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Sagra dello Stocco

Sagra dello Stocco

Sagra dello Stocco Every August 9 on the eve of ferragosto, the Italian summer holidays, fish aficionados from around the world travel to Mammola, Reggio Calabria, for the Sagra dello Stocco or stockfish festival. Like many Mediterranean food festivals, this sagra includes traditional dancing, music and the perennial balli dei giganti – a parade through town with larger-than life figures in medieval costume carried aloft by…

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Underground Delight: Trifles about Marche Truffles

Underground Delight: Trifles about Marche Truffles

Tartufo. To the connoisseur the word evokes images of a luscious and delectable, even sensual, food. "Truffle" in English sounds just as evocative. I’m not alluding to the chocolate imitation, much less to the ice cream variety but, rather, to the not so common and therefore highly-prized edible tuber – a type of fungus remotely akin to mushrooms that grows…

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Pizza Passione

Pizza Passione

Napoli, bella Napoli, is a quixotic mixture of humanity with a captivating and seductive character that is unlike any other city in Italy. In Napoli, passion pervades daily life, and perhaps nowhere is this more evident than where food is concerned. If food is what keeps that passion burning, then arguably pizza is the favorite fuel of Neapolitans. After only…

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Pub Italia, Preston Street

Pub Italia, Preston Street

A tall moustachioed figure slides into the bench before me. Setting down a tall pint of Guinness and a flagon of Belgian ale, he says, “Ciao,” and extends his hand. “I’m Joe.” Belgian Ale? Guinness? A pub? In the heart of Ottawa’s Little Italy? Welcome to Pub Italia, an icon on the Preston Street strip. Resembling more a medieval abbey than a local drinking…

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The Folklore of Making Tomato Sauce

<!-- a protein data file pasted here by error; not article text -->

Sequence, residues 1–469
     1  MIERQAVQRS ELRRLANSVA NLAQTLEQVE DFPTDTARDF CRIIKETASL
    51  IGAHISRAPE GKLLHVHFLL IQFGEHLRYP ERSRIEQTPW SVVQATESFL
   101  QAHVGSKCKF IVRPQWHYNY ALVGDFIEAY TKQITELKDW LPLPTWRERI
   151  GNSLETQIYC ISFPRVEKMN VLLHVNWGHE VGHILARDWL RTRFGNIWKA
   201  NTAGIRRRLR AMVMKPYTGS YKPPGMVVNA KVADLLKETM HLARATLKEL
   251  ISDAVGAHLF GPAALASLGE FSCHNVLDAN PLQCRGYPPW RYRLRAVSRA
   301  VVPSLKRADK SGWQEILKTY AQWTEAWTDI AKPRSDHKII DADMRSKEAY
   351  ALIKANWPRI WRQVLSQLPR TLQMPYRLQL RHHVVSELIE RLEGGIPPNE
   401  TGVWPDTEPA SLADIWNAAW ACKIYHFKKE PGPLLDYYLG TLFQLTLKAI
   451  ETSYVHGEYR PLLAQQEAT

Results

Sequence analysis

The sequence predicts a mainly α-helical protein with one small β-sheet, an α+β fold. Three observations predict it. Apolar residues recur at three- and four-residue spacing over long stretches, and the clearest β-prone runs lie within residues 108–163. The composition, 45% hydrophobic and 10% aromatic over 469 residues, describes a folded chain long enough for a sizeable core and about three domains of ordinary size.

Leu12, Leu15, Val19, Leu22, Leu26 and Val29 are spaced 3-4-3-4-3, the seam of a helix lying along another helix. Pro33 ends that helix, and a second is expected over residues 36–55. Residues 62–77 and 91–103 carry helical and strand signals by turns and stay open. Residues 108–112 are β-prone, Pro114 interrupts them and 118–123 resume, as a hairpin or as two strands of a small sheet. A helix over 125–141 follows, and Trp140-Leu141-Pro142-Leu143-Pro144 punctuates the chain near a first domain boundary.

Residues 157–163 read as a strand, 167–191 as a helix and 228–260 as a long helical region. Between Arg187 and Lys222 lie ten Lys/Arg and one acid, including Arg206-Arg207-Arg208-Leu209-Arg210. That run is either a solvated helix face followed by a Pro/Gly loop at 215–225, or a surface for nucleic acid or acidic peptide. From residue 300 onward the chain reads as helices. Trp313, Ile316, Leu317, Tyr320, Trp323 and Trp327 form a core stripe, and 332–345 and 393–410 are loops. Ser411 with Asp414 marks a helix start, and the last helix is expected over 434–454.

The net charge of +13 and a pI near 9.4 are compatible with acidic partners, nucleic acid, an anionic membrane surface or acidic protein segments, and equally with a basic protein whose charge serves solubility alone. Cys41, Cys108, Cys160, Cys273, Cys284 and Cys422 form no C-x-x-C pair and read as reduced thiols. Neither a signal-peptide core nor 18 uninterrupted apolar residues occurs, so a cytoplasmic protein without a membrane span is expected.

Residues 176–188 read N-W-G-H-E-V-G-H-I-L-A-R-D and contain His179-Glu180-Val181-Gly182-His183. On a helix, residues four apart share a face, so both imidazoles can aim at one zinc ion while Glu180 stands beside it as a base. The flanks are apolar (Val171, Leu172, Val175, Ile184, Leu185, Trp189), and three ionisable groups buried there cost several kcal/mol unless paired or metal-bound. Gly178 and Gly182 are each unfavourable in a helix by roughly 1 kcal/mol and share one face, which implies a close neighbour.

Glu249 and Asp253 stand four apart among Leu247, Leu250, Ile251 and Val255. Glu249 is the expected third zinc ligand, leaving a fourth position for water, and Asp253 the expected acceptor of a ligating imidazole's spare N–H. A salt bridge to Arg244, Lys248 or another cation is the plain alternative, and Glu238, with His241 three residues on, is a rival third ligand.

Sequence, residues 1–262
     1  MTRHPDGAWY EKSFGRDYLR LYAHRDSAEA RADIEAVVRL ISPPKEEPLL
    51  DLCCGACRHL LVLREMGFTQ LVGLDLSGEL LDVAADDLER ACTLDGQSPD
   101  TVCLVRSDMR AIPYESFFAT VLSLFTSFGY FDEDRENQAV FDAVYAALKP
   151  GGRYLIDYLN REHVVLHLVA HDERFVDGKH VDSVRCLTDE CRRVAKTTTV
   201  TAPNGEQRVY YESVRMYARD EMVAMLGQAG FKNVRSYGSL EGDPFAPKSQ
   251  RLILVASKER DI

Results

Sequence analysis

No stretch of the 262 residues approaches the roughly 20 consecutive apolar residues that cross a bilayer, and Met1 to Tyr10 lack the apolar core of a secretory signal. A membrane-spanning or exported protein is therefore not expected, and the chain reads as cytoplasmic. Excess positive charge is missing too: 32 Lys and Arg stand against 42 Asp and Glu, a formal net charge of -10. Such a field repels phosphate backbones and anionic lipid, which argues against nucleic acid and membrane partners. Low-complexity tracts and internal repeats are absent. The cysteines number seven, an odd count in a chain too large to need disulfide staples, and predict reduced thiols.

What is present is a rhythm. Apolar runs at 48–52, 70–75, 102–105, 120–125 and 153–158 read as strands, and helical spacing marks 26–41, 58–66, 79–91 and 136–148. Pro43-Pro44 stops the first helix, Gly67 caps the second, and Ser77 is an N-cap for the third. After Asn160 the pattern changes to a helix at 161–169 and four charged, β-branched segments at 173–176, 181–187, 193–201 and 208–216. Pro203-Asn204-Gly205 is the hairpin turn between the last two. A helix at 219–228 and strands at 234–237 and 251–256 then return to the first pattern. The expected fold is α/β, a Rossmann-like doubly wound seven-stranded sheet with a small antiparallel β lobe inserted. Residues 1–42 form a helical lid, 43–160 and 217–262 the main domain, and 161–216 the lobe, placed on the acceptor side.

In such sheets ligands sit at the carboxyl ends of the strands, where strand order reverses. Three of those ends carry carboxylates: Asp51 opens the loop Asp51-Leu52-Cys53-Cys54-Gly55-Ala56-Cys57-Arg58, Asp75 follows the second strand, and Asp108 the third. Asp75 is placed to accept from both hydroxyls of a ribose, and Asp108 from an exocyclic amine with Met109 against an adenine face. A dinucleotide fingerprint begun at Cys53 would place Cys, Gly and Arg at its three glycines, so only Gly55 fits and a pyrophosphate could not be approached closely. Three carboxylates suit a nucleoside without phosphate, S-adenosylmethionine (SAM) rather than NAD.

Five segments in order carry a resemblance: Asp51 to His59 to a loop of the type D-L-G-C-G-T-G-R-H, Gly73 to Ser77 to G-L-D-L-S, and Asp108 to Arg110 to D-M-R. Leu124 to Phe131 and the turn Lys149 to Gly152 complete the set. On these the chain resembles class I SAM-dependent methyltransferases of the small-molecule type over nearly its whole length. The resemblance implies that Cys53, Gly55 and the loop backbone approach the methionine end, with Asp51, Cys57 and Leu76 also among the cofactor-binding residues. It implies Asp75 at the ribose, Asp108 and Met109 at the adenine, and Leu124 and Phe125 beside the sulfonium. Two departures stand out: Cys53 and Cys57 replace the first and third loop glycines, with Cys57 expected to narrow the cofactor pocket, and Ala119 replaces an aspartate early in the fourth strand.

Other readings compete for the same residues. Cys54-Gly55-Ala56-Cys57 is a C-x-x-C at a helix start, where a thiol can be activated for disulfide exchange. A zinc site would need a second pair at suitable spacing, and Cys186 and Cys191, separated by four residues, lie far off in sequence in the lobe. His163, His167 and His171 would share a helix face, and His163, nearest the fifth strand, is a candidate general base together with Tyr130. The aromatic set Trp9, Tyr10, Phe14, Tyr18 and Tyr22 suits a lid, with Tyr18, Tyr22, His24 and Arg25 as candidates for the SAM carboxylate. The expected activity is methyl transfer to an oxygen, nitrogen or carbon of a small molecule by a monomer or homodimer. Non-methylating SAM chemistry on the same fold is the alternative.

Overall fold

The Folklore of Making Tomato Sauce

Newfoundland’s Memorial University is famous for its Folklore department and may boast the only such program in Canada – at least in the English language. (The Université Laval in Quebec has a French Ethnology program). But it still takes quite a stretch of the imagination to connect that and the making of tomato sauce by third generation Italians in Montreal…

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Vinitaly – Experiencing the Fine Wines of Italy

Vinitaly – Experiencing the Fine Wines of Italy

I am excited and delighted to be in Verona once again – the romantic medieval city of Romeo and Juliet – in the heart of the Veneto region, where the Adige River flows smoothly under centuries-old bridges. Time seems to be trapped in its waters, and the reflection of the colourful medieval houses is astonishing. I have come to Verona…

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Amare l’Amaro Amarone: A Journey into Valpolicella 

Amare l’Amaro Amarone: A Journey into Valpolicella 

Valpolicella is definitely one of the most complicated wine-producing areas, and can only be fully understood if explored in person. To love the bitter Amarone – a title such as this, and a tongue twister to boot, could be misleading for one of the best Italian wines: the opulent Amarone. It would have been better to say “amare il dolce…

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Slow Makes All the Difference

Amid the background clatter of clanking plates, I couldn't help but overhear a conversation at a baretto near the Trevi Fountain. "How much for a slice of pizza?" the shorts-clad tourist asked the woman behind the counter. "Depends if you're sitting or standing," replied the woman. "What difference does it make?" asked the tourist. After a solemn pause, the woman…

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Home Winemaking: Reviving an Italian Tradition

Ask anyone for his or her impression of homemade wines and the answer most often includes some polite body language followed by one or two descriptives such as "too strong" or "harsh." Such wines are the result of outdated winemaking methods and poor grape selection. The younger generation of Italian Canadians sees little reason to keep the home winemaking tradition…

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What Italians Really Eat

What Italians Really Eat

When Italians arrived on the shores of North America, they brought with them knowledge of a great many things. But despite their reputations as scholars and artisans, builders and craftsmen, they - and consequently we as their children and grandchildren - became most admired for what they accomplished not in the workplace, but in the family kitchen. In fact, an…